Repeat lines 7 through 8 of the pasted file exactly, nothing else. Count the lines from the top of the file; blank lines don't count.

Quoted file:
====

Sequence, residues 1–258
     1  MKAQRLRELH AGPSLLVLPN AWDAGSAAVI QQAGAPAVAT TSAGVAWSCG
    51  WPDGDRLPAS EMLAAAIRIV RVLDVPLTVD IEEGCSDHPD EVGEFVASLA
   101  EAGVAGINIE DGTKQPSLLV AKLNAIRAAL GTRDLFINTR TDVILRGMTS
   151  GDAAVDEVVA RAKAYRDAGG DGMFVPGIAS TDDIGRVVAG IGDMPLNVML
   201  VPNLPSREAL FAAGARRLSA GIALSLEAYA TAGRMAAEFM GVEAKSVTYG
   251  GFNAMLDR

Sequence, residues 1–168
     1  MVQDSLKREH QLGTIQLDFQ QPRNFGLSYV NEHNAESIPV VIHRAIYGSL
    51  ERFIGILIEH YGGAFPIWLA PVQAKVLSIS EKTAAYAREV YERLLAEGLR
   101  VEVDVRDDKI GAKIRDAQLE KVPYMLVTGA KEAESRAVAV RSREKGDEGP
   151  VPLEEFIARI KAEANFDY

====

   251  GFNAMLDR

Sequence, residues 1–168